Saturday, March 12, 2011

Violent Discourse

We have just lived through another national tragedy, the Arizona massacre, and witnessed politicians and pundits stunned that such a thing could happen. Some quickly jumped to the conclusion that it was brought about by heated public discouse.

I remember being amazed after the Oklahoma City bombing at senators who just couldn’t believe such a thing could happen in our country, that anyone could be that upset with our government. I don’t think there is any comparison between the shooter in Arizona and Tim McVeigh, the Oklahoma City bomber. It appears the fellow in Arizona is a true mental case.

On the other hand, we have not seen the end of the Tim McVeighs. It is not the discourse on talk radio that creates Tim McVeighs but rather actions of the politicians themselves.

I remember the event that shattered the illusions about government that I had gleaned from high school civics classes. The capital of Alaska, Juneau, is inaccessible by road and far removed from the rest of the state. You either fly in or boat in. Politicians did their work without the annoyance of constituents showing up.

The voters voted to move the capital. However, the state senator who chaired the appropriations committee was from Juneau and the economy of Juneau hinged on it being the capital. So, Senator Ray single handily blocked the will of the people by not allowing a bill out of committee to fund the move. It was not the democratic process but rather political games that really mattered. This is not atypical.
Though I have not paid a lot of attention to state politics since coming to Arkansas 20 years ago, I still follow national politics and believe we are incubating a host of Tim McVeighs, not from discourse but by over regulation and the feeling that our voice doesn’t matter.

The American psyche is one that does not like to be told what to do. Most of us, for the sake of expedience, will accept a certain amount of regimentation, at school, on the job, and in our recreation, but the amount we will accept varies. This goes deep into our history. Our country was born out of feelings of rebellion. American mythology is one of individualism.

Toward the last half of the last century, our government began to co-opt more and more responsibilities in an effort to provide for the common good. Who can fault that? Recreation, the arts, broadcasting, food and drugs, tobacco, health care, planning and zoning, welfare, education, parks, liquor, safety at all levels, energy, motor sports, automobiles, adinfinitum, these all became governmental concerns for the common good.

Here’s the problem: there is no such thing as the common good. What is good for one person, is meddling to another. A current example is the flap over airport security. Though it may be for the common good, it is seen by many as too much meddling. Child obesity concerns are another example.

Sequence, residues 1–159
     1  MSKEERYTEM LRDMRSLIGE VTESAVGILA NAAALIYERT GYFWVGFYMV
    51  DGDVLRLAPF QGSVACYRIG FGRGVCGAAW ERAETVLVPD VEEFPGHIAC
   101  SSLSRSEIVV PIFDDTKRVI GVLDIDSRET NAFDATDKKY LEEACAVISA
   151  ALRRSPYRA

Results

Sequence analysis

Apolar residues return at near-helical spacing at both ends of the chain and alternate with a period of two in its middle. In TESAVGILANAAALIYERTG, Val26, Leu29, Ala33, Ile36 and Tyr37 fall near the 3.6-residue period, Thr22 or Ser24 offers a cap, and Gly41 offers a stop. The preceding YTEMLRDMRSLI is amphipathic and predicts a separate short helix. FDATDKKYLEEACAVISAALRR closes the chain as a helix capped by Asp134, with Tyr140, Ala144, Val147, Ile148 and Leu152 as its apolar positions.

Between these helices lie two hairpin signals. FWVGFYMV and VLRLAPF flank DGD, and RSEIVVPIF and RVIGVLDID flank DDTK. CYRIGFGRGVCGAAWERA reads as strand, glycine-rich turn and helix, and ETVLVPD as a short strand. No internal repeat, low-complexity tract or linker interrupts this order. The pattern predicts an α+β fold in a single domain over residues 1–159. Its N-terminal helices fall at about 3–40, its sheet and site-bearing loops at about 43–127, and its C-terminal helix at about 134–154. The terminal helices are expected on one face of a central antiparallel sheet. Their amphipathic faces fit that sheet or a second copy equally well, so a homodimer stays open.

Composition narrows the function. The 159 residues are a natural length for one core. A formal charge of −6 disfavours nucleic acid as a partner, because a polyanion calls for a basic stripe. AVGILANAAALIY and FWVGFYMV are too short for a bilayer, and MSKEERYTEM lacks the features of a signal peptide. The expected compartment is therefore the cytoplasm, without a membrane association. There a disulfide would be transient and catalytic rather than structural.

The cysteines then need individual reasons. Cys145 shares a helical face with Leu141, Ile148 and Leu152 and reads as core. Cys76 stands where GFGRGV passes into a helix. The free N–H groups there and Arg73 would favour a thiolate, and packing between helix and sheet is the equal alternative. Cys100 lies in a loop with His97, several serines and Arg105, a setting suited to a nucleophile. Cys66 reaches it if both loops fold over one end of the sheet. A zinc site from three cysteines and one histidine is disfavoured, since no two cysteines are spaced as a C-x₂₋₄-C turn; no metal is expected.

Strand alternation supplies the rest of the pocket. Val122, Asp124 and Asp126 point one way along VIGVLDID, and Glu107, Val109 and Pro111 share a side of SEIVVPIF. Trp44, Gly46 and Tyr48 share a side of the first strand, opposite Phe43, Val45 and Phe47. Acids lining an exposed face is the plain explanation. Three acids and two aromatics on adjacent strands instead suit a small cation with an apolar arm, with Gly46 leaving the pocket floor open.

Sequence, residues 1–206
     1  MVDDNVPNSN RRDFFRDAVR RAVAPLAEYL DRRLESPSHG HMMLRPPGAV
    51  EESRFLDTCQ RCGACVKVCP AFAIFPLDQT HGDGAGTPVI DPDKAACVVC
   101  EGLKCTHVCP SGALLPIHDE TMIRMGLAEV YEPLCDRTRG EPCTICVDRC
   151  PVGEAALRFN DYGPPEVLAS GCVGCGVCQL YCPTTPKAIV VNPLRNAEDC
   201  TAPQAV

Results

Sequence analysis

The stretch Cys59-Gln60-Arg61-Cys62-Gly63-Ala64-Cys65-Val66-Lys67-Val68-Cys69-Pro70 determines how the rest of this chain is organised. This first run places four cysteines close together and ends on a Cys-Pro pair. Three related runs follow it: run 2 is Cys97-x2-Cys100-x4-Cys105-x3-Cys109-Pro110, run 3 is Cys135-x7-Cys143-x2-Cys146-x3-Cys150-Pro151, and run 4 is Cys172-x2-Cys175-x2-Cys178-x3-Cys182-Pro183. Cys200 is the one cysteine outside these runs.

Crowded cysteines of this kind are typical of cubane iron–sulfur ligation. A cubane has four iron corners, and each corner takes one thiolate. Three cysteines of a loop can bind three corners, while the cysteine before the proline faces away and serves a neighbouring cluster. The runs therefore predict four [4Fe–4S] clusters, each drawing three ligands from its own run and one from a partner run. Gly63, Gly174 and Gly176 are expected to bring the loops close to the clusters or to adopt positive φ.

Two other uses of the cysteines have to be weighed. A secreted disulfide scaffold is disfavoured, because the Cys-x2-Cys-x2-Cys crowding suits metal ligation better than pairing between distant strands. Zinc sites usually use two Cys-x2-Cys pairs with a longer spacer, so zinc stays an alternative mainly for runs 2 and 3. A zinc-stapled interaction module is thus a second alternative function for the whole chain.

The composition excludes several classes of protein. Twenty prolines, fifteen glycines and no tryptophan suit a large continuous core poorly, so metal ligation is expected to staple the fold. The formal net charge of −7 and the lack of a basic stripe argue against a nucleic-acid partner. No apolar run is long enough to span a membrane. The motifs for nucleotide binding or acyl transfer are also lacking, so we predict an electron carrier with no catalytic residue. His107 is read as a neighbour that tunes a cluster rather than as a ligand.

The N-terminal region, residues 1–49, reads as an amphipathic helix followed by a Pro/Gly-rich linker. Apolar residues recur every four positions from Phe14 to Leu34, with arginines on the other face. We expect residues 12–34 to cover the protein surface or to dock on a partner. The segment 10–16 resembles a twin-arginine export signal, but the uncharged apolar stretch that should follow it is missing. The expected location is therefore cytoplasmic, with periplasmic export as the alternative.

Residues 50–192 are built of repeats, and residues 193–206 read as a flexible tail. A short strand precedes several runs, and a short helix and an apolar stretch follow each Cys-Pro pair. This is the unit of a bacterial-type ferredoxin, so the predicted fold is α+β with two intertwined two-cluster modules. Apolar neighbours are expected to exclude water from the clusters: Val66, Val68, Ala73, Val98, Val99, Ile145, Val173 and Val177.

Our politicians pass legislation that generalizes their intent and create regulatory bodies to develop the particulars. And, sometimes they turn to the regulatory agencies to accomplish what they can’t get done legislatively.

Some of us are quite content to work for change within the system and adjust our attitudes to accept what we perceive to be the inevitable. We figure out how to prosper under the new rules when they come about. Others do not.

(Lest you think I am contradicting my position in the column I wrote on requiring motorcycle helmets, my main point of that column was that if we shift the responsibility to pay the hospital bill to the government, it has a right to make the rules.)

I sometimes ask myself, where is my tipping point? How much governmental control is too much. When do I pledge with our forefathers “our Lives, our Fortunes, and our sacred Honor?” I can’t really answer that question. But, I am a patient fellow who still believes the system corrects itself in time.

For Tim McVeigh, the tipping point was the government’s actions at Waco and Ruby Ridge. In his mind they had stepped over the line and he retaliated. But, each time the politicians see fit to restrict somebody’s activity for the common good, they are pushing some Tim McVeigh nearer to the edge. Our Psyche is steeped in individualism, not collectivism.

It is not the discourse on talk radio that pushes people over the line but rather the ever increasing regulation the politicians impose on the citizenry and the political games they play that create a sense of hopelessness for some people. As Janis Joplin warned us, “Freedom’s just another word for nothing left to lose.” Hopelessness frees one to do the otherwise unthinkable.

As a side note, those liberals who claim there is a connection between “hate speech” on conservative talk-radio and acts of violence, such as the Arizona shooting, deny that any such thing could possibly exist when you talk about a connection between violent video games and crime or between pornography and teenage pregnancy.

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